unless your soul sets them up in front of you.

Hope the voyage is a long one.
May there be many a summer morning when,
with what pleasure, what joy,
you come into harbors seen for the first time;
may you stop at Phoenician trading stations
to buy fine things,
mother of pearl and coral, amber and ebony,
sensual perfume of every kind—
as many sensual perfumes as you can;
and may you visit many Egyptian cities
to gather stores of knowledge from their scholars.

Keep Ithaka always in your mind.
Arriving there is what you are destined for.
But do not hurry the journey at all.
Better if it lasts for years,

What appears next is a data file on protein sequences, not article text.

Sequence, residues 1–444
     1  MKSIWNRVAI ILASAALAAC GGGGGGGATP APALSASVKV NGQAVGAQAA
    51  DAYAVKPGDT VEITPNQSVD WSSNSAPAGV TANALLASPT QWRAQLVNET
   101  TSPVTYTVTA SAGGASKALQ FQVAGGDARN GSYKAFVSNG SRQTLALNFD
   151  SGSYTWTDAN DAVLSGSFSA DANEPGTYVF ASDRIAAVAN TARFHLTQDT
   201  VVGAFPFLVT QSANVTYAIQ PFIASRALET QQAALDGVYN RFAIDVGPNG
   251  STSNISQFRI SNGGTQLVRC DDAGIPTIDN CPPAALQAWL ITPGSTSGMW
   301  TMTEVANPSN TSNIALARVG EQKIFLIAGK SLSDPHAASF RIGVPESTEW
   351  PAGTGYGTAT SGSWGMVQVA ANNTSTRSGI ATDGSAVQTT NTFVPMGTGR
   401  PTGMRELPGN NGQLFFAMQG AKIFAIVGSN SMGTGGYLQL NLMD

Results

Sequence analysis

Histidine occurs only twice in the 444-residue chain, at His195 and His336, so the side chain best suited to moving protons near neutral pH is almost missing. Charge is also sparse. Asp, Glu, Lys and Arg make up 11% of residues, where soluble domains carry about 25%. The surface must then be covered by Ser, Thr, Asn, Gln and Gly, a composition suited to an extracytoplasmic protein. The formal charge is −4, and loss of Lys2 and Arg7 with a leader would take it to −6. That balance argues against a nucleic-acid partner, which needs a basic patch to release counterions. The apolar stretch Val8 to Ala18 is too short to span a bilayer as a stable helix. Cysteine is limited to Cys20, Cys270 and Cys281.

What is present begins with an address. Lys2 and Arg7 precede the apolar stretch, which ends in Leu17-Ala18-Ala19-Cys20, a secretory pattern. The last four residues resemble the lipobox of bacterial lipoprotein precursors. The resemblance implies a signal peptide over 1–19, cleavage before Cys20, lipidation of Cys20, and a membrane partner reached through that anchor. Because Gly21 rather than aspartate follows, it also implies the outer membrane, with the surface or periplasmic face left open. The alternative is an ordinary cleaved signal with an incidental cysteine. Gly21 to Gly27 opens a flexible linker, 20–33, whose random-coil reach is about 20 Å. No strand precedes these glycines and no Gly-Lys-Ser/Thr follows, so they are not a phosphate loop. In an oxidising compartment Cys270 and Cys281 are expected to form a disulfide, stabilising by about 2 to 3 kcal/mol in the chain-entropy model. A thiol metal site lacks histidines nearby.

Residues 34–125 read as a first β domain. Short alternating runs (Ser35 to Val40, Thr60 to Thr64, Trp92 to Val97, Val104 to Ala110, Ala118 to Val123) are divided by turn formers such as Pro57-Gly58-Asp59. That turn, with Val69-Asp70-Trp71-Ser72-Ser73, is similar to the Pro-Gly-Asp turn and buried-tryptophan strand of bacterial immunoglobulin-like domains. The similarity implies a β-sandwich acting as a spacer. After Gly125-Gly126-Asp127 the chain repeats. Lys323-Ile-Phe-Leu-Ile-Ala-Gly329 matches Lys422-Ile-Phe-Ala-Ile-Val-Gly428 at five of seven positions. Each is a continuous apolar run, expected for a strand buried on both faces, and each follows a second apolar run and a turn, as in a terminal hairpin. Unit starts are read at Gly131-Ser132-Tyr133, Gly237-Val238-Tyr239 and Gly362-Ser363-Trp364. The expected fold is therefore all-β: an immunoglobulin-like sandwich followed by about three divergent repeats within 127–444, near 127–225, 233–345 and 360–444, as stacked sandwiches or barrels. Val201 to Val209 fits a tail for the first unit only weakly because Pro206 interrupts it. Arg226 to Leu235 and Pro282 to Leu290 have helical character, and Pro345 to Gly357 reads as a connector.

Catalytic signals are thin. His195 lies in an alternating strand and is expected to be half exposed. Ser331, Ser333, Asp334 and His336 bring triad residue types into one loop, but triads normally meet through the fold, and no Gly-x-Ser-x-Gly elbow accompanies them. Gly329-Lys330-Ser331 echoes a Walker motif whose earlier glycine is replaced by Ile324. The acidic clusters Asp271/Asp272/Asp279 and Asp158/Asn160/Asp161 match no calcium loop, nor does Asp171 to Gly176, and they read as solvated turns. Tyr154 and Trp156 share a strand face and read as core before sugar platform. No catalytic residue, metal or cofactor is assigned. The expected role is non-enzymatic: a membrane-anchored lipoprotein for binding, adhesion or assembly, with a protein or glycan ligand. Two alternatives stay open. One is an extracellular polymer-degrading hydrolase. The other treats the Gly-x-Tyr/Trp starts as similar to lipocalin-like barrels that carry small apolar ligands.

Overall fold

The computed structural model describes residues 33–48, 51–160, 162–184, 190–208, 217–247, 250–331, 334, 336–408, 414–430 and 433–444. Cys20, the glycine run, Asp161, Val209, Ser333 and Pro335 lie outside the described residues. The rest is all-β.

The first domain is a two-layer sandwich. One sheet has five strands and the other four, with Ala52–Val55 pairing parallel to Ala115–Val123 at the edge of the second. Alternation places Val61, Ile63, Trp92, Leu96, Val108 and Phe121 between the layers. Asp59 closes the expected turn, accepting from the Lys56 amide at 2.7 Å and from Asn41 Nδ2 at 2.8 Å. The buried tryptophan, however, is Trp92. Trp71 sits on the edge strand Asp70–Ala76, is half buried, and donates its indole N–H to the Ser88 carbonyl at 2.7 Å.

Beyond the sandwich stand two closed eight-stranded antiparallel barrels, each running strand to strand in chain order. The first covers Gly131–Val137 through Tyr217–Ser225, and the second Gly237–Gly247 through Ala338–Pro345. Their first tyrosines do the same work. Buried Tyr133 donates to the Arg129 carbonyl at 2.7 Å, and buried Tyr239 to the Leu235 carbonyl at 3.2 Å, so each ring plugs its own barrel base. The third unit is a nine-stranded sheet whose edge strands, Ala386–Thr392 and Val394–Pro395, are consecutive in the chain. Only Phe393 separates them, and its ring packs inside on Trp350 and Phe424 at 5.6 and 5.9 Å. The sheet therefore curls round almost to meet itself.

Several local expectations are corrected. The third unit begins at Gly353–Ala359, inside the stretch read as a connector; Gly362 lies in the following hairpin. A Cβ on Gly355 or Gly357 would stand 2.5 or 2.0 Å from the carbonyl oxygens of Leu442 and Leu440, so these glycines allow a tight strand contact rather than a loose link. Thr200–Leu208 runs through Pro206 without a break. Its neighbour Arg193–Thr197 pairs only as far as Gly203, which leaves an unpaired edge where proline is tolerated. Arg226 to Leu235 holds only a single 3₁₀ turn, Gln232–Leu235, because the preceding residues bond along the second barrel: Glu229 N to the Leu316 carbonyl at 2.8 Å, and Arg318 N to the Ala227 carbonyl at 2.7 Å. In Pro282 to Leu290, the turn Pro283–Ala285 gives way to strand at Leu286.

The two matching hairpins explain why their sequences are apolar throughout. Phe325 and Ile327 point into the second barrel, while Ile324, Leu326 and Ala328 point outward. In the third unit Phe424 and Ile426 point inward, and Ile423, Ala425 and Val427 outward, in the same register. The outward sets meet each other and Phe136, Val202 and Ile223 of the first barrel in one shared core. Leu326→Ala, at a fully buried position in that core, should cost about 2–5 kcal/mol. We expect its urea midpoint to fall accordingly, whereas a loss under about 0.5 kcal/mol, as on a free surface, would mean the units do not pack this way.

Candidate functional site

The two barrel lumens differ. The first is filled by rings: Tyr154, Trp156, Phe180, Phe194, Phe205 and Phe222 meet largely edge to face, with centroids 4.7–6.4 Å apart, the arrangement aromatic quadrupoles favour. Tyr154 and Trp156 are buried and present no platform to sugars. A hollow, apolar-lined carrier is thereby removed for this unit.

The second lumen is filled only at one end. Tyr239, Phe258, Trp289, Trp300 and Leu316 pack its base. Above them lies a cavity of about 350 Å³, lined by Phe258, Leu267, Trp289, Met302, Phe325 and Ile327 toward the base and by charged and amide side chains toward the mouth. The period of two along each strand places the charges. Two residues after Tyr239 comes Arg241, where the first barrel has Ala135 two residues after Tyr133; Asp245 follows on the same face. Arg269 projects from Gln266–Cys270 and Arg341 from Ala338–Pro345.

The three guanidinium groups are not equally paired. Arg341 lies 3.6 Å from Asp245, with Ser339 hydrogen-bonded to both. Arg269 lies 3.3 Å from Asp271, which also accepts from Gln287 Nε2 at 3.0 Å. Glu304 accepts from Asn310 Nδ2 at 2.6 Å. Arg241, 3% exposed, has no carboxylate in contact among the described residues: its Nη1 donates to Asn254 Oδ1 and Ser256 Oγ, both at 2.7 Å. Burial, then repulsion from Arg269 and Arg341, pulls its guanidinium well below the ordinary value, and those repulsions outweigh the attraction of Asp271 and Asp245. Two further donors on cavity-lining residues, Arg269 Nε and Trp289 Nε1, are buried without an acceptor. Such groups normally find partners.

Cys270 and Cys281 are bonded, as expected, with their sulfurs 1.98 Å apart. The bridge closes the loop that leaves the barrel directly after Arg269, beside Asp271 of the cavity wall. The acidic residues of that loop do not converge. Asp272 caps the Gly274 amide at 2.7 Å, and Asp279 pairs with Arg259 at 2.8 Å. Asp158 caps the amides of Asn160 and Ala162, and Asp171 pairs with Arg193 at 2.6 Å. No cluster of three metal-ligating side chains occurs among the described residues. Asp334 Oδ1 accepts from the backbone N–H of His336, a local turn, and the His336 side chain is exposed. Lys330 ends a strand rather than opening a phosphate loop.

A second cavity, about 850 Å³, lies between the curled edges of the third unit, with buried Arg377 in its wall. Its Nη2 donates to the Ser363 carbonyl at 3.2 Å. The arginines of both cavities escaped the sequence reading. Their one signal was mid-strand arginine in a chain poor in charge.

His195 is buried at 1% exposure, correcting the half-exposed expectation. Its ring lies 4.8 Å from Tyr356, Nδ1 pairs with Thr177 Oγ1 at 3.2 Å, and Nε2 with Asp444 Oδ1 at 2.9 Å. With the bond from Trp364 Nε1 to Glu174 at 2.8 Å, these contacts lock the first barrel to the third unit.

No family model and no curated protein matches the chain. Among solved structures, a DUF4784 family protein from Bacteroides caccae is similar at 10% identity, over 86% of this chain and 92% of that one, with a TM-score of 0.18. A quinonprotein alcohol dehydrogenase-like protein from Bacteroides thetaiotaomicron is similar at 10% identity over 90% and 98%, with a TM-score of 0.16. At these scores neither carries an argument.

so you are old by the time you reach the island,
wealthy with all you have gained on the way,
not expecting Ithaka to make you rich.
Ithaka gave you the marvelous journey.
Without her you would not have set out.
She has nothing left to give you now.
And if you find her poor, Ithaka won’t have fooled you.
Wise as you will have become, so full of experience,
you will have understood by then what these Ithakas mean.

The italicized portion is what the Professor quoted. Apart from the literary merits of the poem and masterful use of themes from the Odyssey, and the cute Ithaca-Ithaka link, I felt a very personal connection to it. I’m ambitious and driven, like many of my classmates at Cornell. We seek successful lives, our Ithakas, in various forms: impact, fame, money, scientific discovery, or brilliance. If we achieve that success at a young age, we appear even more successful. The sooner I arrive at my definition of success, the richer I expect my life to be.